The console 50 also houses a timer having a digital read-out on the display lens 60 for use during certain test operations such as the measurement of photo-stress and glare recovery times. A push button switch 65 controls the starting and stopping of this timer. The other pair of push buttons 66-67 may be used to actuate switches which control the motor drive for the slide mechanism as already described.
FIGS. 6-8 illustrate different glare conditions which can be produced during the use of this apparatus for glare testing. Thus in FIG. 6, a single one of the projectors 40 is energized, and as already noted, any single one of these projectors can be selected for energizing by means of the selector switch knob 62. FIG. 7 illustrates another condition wherein only the central glare beam is produced, by energizing of the lamp bulb 25. FIG. 8 shows the maximum number of glare sources energized, namely the central beam lamp 25 and all of the peripheral projectors 40. As also already noted, the intensity of the lamp 25 and the projectors 40 can be regulated independently of each other, as is also true of the projectors 16 which illuminate the target 15.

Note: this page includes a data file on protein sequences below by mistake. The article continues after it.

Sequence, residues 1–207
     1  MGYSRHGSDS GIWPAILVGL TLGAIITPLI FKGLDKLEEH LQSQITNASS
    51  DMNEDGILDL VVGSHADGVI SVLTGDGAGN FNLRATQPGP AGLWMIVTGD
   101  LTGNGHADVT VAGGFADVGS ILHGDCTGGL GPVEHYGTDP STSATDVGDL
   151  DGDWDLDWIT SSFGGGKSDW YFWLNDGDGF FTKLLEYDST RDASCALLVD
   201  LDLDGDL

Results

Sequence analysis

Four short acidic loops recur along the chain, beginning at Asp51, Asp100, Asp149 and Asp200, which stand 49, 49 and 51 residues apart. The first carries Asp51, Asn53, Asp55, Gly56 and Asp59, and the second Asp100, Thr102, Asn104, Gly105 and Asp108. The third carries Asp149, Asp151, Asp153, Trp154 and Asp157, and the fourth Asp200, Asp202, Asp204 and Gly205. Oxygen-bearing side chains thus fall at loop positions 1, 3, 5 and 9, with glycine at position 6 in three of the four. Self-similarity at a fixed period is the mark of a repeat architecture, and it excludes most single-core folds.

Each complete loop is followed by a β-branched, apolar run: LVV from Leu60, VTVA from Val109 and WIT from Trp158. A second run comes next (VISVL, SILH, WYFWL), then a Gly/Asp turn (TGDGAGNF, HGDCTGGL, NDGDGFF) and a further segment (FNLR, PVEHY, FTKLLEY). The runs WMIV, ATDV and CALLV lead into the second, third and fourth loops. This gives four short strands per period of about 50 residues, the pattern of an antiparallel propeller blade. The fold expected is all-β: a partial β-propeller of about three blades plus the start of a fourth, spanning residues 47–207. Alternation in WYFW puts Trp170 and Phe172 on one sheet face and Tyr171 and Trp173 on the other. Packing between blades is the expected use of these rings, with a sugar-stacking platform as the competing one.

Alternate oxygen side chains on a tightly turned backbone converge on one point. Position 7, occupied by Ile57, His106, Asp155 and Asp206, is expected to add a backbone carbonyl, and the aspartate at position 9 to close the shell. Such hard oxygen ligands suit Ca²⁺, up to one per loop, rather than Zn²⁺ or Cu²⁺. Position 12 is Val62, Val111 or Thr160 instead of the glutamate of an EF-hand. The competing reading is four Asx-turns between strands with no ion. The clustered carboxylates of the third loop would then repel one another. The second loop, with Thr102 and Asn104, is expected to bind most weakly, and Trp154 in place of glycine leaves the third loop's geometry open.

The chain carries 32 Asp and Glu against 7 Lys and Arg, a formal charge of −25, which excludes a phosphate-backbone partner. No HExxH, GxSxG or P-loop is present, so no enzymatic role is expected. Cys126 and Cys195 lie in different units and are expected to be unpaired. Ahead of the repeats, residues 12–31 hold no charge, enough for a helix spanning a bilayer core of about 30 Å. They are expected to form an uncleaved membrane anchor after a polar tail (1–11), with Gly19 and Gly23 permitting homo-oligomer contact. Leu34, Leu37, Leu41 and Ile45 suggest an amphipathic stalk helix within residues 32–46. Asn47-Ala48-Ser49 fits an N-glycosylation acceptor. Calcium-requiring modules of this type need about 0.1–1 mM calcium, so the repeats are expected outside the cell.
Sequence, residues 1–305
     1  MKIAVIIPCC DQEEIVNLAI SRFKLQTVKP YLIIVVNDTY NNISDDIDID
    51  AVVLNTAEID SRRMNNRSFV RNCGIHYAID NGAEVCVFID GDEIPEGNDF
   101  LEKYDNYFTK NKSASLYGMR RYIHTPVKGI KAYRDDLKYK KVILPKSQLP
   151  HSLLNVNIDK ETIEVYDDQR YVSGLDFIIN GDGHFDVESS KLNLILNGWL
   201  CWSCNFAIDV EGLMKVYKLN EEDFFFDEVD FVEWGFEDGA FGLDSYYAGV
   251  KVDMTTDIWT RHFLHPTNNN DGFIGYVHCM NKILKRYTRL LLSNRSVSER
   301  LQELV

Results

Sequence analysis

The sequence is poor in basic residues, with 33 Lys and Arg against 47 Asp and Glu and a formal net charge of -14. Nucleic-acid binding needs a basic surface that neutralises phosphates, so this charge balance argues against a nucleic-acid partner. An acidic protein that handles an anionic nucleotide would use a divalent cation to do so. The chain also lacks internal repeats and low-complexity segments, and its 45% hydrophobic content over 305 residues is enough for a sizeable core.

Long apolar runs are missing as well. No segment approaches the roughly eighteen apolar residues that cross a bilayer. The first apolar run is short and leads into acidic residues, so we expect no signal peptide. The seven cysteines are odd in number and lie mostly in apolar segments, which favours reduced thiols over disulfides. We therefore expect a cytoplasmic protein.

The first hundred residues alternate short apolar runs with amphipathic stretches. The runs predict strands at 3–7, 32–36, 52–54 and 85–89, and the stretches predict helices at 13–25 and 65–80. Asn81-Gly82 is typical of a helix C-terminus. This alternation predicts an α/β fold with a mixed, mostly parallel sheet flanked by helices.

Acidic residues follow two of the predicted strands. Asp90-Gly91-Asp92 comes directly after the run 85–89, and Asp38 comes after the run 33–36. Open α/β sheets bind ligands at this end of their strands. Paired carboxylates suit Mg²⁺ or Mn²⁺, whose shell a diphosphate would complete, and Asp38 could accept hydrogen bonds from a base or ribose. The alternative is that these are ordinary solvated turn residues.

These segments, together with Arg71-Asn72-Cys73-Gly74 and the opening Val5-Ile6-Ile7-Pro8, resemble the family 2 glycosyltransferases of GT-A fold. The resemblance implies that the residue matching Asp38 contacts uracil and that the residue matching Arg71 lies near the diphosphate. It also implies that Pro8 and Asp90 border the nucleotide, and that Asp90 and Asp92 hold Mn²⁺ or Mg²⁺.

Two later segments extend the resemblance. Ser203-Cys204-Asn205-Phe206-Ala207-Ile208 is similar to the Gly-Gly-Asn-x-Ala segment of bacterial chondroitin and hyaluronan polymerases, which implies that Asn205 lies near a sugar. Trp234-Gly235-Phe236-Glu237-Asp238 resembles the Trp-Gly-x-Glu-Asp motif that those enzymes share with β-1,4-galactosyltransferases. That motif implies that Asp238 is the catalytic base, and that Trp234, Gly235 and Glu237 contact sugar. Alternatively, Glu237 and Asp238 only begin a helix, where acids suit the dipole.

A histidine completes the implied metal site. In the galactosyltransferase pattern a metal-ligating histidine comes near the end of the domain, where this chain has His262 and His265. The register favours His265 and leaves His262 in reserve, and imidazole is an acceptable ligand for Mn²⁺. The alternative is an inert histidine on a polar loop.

In using the apparatus of the invention to test the glare sensitivity of an individual, successive targets 15 are positioned for viewing under conditions of glare which are varied in intensity and location as described, with the observer reporting the location of the patch of the lowest contrast which she or he can identify. The results obtained with different charts and different glare conditions are compared with those obtained in the absence of glare to determine the individual's glare sensitivity. In addition, the apparatus of the invention can be used with only successive targets being illuminated to determine the basic contrast and spatial frequency sensitivity of an individual, under varying conditions of luminance of the target by varying the intensity of the light beam projectors 16 which illuminate the target.